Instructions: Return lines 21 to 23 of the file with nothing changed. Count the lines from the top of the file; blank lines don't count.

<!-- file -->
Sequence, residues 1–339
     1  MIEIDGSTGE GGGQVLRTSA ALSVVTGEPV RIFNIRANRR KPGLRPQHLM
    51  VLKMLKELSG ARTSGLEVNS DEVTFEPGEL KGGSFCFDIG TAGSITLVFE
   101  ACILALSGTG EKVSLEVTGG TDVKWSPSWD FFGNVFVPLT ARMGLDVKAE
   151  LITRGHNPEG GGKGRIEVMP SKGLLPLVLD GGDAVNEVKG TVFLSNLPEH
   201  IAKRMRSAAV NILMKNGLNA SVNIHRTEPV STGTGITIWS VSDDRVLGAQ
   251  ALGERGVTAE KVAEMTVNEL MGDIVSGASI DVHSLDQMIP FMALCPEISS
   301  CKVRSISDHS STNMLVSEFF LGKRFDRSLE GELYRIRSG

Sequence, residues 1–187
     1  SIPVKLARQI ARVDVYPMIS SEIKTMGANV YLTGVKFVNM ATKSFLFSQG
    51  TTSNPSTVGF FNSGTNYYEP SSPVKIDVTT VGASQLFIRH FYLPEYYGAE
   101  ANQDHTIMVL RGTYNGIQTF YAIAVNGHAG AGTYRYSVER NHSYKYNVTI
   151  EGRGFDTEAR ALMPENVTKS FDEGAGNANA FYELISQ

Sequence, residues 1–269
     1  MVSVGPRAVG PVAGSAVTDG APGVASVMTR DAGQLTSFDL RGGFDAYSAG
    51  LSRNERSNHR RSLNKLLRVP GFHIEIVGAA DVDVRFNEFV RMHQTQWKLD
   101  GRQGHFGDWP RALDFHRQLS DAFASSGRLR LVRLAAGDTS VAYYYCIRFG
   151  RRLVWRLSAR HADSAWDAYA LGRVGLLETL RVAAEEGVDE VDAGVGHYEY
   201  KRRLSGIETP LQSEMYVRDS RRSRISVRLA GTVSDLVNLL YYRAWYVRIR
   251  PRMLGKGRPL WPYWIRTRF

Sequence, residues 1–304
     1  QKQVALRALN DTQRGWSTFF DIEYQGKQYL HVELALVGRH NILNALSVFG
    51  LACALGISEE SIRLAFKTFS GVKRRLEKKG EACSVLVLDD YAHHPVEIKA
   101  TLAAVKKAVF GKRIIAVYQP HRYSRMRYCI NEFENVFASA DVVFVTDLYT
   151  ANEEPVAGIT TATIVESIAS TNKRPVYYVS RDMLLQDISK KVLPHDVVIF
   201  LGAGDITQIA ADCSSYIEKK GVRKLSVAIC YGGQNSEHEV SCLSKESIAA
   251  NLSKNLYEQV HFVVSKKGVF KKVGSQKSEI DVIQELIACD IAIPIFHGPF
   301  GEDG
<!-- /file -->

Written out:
Sequence, residues 1–304
     1  QKQVALRALN DTQRGWSTFF DIEYQGKQYL HVELALVGRH NILNALSVFG
    51  LACALGISEE SIRLAFKTFS GVKRRLEKKG EACSVLVLDD YAHHPVEIKA